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What are differential forms?
Is this what I'm going to learn about in my upcoming differential geometry class?
Is this what I'm going to learn about in my upcoming differential geometry class?
A classical course on differential geometry -- which includes many introductory courses -- may not cover and use differential forms at all.
quetzalcoatl9 said:The short (and least satisfying) answer is that an n-form is an antisymmetric tensor of rank (0,n) that enjoys some nice symmetry properties - these properties essentially make the indices of the tensor "disappear". They can be thought of as functions that take tangent vectors as input They are also well defined across something called "pullback", something that is not true of tensors in general, so in effect they transcendent tensors. They also can provide topological information.
... then I can recommend the book by Weintraub (sp? it may be Weintraube, I forget, he is a professor in Louisianna) called "Differential Forms: A Complement to Vector Calculus" or something like that.
mathwonk said:when is someone going to reveal that there is an entire thread devoted to this topic, called "a geometric approach to differential forms" by david bachman, just below here, with zillions of entries and a free book?
quetzalcoatl9 said:Try doing a search on this forum and you will see previous discussions.<snip>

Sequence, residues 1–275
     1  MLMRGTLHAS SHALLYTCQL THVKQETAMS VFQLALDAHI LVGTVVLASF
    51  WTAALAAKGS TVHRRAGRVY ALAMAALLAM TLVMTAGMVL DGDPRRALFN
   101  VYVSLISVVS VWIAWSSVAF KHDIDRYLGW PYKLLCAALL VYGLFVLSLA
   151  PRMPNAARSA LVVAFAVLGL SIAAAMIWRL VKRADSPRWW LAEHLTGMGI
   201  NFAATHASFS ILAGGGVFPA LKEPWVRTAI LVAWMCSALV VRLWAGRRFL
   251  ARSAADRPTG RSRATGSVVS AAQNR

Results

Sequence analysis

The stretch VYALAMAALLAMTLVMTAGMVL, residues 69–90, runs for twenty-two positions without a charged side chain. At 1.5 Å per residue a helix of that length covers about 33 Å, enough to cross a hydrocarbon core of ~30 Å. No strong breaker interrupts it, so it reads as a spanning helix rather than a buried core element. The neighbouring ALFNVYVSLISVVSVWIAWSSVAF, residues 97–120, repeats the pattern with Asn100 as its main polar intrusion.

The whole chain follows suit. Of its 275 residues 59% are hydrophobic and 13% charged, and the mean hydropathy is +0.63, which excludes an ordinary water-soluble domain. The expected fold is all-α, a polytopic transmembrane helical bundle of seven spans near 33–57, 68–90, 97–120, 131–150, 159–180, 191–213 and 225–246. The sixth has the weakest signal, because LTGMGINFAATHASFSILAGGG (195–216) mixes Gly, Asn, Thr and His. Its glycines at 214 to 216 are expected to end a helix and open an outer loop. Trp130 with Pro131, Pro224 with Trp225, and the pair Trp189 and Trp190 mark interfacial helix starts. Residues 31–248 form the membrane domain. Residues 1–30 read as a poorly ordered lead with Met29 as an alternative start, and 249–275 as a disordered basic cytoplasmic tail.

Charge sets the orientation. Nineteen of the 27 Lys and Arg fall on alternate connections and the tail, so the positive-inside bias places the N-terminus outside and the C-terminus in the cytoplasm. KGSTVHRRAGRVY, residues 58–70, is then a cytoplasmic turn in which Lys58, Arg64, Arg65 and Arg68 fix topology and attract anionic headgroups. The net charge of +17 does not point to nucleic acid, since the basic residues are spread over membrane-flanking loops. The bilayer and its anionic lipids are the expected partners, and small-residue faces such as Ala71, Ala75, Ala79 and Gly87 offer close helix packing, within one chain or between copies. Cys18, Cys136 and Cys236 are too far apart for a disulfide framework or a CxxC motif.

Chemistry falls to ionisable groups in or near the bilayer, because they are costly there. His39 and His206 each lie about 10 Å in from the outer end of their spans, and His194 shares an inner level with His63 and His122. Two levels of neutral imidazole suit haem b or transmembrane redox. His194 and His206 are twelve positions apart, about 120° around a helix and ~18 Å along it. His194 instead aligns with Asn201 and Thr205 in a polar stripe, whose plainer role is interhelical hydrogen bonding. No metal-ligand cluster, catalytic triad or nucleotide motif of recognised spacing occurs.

Differential forms are a mathematical tool used in differential geometry to describe geometric objects and their properties in a coordinate-independent way. They allow for a deeper understanding of the underlying structure of a manifold and can be used to solve various problems in physics and engineering.
Differential forms are multilinear and antisymmetric, meaning they are sensitive to the orientation and ordering of basis vectors. This makes them well-suited for describing geometric properties such as area, volume, and orientation on a manifold without reference to a specific coordinate system.
Differential forms have a wide range of applications in various fields including physics, engineering, and computer graphics. They are used to solve problems in electromagnetism, fluid dynamics, and general relativity, among others. They are also essential in the development of numerical methods for solving partial differential equations.
Differential forms can be thought of as a generalization of vector calculus to higher dimensions. They provide a rigorous mathematical framework for solving differential equations on manifolds and are essential in the study of differential geometry, which is a fundamental tool in many areas of mathematics and science.
There are many books and online resources available for learning about differential forms and differential geometry. Some popular texts include "Differential Forms in Algebraic Topology" by Raoul Bott and Loring Tu, "Differential Forms and Applications" by Manfredo P. do Carmo, and "Differential Geometry of Curves and Surfaces" by Kristopher Tapp. Online resources such as lectures, notes, and video tutorials can also be found on various websites and platforms such as YouTube and Coursera.